It is particularly unfair to rubbish AstraZeneca, as the company has said from the outset that it is a not-for-profit project and will sell its drug at cost in the interests of public health.

The US rival vaccines are produced by commercial companies and intend to grab as large a slice of the up to $100 billion vaccine market. Russia lies somewhere in the middle. AstraZeneca last summer struck a deal on joint production with Russian businessman Alexey Repik's R-Pharm company to produce its vaccine in Russia. Its licensing deal allows for global distribution but bars distribution in Russia and the Commonwealth of Independent States (CIS) – Sputnik V's core market. Over 50 countries have already signed pre-order deals for Sputnik V, including Hungary and Poland in the EU. Turkey is negotiating to make Sputnik V under licence.

We should be happy

Let’s be clear about a few things here. Firstly, we should welcome the fact that there are now four reportedly viable competing vaccines (five if you count the fact Russia has talked about a second vaccine, developed in Siberia, which has just started trials). That gives everyone a choice between the rival products. Don't trust the Sputnik V? Fine. Take one of the others.

Secondly, we should celebrate the fact that this virus looks particularly vulnerable to treatment. All of the leading candidates report extremely high efficacy rates.

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The US FDA demands an efficacy rate of at least 50 percent to register a vaccine for general release. The EU sets the bar higher at 75 percent. All the current corona-candidates have reported efficacies of at least 90 percent; even the Oxford vaccine reported over 90 percent when the second half of the trial group were given a smaller dose in the second jab. The reported final 70 percent result is an average of the two sets of trials.

Thirdly, being generous, there are some question marks over the data from both AstraZeneca and Sputnik V, but against that, both teams have conducted the full trial – with over 40,000 volunteers in Sputnik's case, or roughly the same number of participants as in the Pfizer trial. 

Moreover, all the trials are reporting the same efficacy rates of approximately 90 percent, meaning both technologies seem to work equally effectively. Excluding the possibility that the Russian researchers are flat out making up their results (which many will chose not to do), then the trials all show that the vaccines are similarly effective, even if they have been sloppy in their reporting in their haste to lay a claim to part of that $100 billion market.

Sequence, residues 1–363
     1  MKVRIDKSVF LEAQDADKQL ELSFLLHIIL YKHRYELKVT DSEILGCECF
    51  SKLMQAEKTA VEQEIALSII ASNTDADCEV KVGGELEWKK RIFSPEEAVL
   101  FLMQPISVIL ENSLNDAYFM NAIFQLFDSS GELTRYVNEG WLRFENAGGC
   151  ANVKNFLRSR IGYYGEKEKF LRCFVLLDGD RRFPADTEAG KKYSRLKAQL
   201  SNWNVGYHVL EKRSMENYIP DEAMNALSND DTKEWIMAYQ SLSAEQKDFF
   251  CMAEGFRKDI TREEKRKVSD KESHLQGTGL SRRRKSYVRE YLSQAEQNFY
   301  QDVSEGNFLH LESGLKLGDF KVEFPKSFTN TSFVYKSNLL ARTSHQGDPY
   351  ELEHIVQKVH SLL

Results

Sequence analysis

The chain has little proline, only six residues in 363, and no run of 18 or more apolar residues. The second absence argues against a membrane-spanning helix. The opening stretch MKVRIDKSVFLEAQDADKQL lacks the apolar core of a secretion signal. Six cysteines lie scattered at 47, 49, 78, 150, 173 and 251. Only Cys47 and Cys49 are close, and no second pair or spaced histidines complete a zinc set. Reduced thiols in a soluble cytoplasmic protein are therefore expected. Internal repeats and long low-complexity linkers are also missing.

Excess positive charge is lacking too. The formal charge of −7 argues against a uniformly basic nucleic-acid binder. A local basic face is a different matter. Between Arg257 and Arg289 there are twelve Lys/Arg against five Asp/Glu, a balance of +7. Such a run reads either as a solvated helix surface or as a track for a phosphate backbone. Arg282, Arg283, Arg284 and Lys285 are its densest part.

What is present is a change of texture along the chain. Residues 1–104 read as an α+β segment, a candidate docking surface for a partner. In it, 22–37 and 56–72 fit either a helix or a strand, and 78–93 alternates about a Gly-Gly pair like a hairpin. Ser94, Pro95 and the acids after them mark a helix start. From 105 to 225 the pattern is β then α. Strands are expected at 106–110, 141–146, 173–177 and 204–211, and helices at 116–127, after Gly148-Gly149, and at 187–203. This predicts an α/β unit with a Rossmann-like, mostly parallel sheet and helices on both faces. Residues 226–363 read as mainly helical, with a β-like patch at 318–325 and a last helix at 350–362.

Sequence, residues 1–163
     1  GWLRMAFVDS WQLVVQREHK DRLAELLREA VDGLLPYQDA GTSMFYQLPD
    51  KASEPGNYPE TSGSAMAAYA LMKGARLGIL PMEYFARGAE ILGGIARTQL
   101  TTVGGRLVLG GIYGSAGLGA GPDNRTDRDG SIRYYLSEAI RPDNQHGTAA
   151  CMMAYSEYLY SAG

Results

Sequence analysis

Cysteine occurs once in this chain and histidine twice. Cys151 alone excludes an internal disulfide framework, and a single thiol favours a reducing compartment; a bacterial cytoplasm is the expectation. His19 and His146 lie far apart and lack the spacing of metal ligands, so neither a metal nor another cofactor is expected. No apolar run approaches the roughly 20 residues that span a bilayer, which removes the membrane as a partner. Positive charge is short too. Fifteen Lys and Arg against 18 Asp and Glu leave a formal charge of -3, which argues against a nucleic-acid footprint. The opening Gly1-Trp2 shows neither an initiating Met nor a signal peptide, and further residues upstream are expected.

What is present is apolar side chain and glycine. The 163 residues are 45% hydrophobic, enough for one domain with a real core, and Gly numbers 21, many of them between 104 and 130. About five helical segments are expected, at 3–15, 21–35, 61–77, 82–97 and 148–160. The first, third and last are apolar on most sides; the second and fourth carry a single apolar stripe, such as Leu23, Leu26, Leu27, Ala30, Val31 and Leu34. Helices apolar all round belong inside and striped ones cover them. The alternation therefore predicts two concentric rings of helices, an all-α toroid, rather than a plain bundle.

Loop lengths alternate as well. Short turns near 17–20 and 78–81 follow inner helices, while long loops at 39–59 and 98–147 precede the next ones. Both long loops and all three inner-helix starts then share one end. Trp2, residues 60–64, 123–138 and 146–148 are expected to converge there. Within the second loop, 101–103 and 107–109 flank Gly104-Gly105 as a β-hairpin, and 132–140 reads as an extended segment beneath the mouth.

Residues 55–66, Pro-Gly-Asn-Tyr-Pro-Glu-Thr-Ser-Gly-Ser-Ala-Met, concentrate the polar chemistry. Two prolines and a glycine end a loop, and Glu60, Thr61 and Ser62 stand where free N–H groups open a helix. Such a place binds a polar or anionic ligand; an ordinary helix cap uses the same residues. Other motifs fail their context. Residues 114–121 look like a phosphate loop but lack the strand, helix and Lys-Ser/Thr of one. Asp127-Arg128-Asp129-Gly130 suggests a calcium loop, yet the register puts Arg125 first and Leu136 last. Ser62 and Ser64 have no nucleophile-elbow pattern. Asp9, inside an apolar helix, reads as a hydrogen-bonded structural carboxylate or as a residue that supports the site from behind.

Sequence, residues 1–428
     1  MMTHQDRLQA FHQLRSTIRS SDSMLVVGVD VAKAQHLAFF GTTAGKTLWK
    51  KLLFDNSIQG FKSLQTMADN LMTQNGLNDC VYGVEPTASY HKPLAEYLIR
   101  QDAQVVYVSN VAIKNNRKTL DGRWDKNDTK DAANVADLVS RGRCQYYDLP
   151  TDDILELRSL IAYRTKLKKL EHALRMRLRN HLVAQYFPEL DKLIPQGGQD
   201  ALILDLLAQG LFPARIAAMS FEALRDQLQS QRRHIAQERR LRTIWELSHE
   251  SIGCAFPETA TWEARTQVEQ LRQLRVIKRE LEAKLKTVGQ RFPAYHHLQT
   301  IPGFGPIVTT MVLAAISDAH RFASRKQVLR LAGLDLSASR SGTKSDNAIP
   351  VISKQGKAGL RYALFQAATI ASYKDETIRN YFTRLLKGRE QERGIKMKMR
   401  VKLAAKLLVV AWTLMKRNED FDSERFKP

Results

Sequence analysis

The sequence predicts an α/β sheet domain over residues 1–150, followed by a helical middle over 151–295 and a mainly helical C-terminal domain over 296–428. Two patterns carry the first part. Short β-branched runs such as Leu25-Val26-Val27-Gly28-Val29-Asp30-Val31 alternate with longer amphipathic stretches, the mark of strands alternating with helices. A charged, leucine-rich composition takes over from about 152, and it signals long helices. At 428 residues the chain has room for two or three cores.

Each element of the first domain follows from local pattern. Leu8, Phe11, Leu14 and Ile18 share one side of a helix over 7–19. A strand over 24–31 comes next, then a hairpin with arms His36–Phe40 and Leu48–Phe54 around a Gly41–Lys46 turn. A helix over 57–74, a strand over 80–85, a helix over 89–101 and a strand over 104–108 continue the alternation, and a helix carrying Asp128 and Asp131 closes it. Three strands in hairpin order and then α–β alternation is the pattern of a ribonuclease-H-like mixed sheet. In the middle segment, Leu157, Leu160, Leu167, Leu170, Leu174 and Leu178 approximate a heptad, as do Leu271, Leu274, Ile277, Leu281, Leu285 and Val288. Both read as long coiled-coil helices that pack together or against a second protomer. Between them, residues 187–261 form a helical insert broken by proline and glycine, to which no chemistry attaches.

One of Porges' objections was that the AstraZeneca results do not disclose any statistics for side effects or severe cases, but the same can be said of all the candidates, including the US vaccines. The trials are only that – trials. The potential for malign side effects will only become clear over time. In the meantime, the sample sizes in the trials to date have been deemed sufficiently large by medical experts and both Pfizer and Sputnik V have opted for 40,000 people. Neither of these trials have thrown up significant problems. The AstraZeneca tests were halted for a month after one subject developed neurological problems, but an investigation determined the problem was unrelated to the vaccine and the process resumed.

Fourthly, and most impressively, we should be amazed that in the space of ten months that we have any vaccine at all. Vaccines are extremely hard to produce. There are multiple hurdles to overcome, and we have to bear in mind the fact that all viruses mutate as that is a basic part of their survival strategy. Normally, it takes about 18 to 24 months to produce an effective vaccine. The annual autumnal flu vaccine doesn't have a 90 percent efficacy rate and five years on there is still no effective formula against H1N1 (bird flu), SARS (severe acute respiratory syndrome) or MERS (Middle East respiratory syndrome) – all of which belong to the coronavirus family.

There have been calls for governments to step in and buy up sufficient vaccines to inoculate the whole world, as this would be the cheapest solution to the economic damage caused by the pandemic. Several years ago, the WHO did a study that found the most productive investment a government can make into its economy is into healthcare.

The benefits are not just from reducing the cost of treating sick people – although those are significant – but mostly from the fact that by far the more productive wealth creation asset a country has is its people. Good healthcare means people work harder for longer and so they produce far more wealth than is spent on improving healthcare. And people who are still alive can obviously work even harder than those that have died from coronavirus.

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The statements, views and opinions expressed in this column are solely those of the author and do not necessarily represent those of RT.